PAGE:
WEST PALM BEACH, Fla. -- Judge Jeffrey Colbath sentenced Wellington millionaire John Goodman to sixteen years in prison for a crash that killed 23-year-old Scott Wilson in 2010.
A jury found Goodman guilty on March 23 of DUI manslaughter and vehicular homicide charges.
Judge Colbath questioned juror Dennis DeMartin before the sentencing phase of the case.
DeMartin created a stir when he self-published a book called "Believing in the Truth." In it he said he drank three alcoholic drinks the night before the verdict. He wanted to better comprehend how much Goodman might have had to drink the night he crashed his car into Wilson.
Goodman's attorney argued DeMartin's recreation was "used to debunk our defense." But the judge denied a request for a new trial.
Goodman spoke during the hearing and said he always wanted to reach out to the Wilson family. He said he couldn't imagine what the Wilson family has to go through every day.
"I just wanted to say that from the second, the day after the accident, all I've wanted to do is to reach out to the Wilsons and to be with them and cry with them and, you know, I can't imagine or even pretend to imagine what it would be like to lose a son," Goodman said.
Goodman added, "And every day I feel I carry Scott Patrick Wilson in my, with me, every day and that's all I think about."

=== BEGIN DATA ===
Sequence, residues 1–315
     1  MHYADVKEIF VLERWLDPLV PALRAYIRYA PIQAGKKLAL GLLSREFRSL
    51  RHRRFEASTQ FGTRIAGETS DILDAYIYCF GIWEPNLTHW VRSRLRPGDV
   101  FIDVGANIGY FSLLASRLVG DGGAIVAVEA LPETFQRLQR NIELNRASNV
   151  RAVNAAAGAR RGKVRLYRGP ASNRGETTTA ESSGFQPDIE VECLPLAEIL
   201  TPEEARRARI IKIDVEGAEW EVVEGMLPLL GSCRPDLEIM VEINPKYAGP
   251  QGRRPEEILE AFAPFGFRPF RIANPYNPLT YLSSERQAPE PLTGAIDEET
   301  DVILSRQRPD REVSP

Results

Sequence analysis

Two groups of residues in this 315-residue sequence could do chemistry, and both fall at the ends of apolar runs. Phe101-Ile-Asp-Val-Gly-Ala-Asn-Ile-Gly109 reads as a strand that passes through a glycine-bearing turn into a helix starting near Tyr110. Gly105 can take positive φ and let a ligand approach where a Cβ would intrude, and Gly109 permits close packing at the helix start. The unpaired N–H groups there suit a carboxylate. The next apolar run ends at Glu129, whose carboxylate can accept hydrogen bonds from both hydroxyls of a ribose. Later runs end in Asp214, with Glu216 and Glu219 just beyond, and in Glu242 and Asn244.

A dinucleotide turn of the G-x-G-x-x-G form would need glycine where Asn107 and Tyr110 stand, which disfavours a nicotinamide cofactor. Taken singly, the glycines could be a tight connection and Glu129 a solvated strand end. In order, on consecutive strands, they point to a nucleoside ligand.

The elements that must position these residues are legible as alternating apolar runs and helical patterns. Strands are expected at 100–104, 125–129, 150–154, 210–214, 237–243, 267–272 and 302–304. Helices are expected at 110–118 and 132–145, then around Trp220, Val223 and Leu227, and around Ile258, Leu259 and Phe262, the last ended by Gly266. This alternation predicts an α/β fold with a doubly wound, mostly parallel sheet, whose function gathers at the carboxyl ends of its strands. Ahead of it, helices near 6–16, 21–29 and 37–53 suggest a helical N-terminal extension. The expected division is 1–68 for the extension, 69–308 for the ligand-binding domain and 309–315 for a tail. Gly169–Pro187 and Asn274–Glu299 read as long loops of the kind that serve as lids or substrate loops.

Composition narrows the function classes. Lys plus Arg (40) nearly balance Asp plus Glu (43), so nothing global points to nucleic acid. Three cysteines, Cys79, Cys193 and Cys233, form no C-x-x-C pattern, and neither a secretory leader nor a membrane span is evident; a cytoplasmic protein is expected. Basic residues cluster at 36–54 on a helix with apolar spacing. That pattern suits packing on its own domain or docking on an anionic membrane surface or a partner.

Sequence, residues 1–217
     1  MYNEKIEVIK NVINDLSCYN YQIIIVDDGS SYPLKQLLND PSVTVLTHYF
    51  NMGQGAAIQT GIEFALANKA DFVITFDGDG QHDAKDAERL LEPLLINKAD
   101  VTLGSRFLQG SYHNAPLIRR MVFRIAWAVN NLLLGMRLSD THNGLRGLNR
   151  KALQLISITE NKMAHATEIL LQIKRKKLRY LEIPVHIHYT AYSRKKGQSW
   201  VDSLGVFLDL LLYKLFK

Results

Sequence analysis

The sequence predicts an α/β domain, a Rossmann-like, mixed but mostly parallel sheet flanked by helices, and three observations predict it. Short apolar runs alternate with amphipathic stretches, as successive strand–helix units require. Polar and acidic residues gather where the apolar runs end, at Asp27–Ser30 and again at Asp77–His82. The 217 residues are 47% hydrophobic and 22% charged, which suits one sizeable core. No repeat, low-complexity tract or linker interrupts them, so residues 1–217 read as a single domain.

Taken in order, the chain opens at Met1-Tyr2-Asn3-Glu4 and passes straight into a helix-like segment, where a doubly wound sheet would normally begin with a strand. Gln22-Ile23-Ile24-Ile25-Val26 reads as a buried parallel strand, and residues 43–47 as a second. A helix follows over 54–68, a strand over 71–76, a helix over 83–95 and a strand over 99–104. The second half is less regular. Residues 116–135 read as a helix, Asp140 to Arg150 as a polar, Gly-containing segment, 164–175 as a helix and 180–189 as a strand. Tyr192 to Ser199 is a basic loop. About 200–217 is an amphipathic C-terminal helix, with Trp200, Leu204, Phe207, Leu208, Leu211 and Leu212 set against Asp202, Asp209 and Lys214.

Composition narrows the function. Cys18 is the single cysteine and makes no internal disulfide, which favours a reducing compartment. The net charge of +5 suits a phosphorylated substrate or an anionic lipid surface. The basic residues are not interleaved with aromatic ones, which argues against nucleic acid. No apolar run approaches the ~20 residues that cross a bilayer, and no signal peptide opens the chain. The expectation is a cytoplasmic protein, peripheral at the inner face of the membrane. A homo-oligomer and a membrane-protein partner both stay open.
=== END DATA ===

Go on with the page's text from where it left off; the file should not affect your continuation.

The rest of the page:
Before announcing his verdict Judge Colbath said this was a "senseless, senseless accident."
He also said Goodman's conduct from the moment the crash happened to the time he was with law enforcement, was to save himself.
Concerning Goodman's testimony during the trial Judge Colbath said, "I think it was a main attempt to create a story."
In addition to a prison term, Goodman was also fined $10,000.
Judge Colbath has tentatively agreed to release Goodman from prison on a $7 million bond pending the appeal of his conviction. As part of his release he must also meet several conditions. He must wear a monitoring device, hire an officer to be with him at all times, and cannot apply for a new passport.
NewsChannel 5's Alex Sanz contributed to this report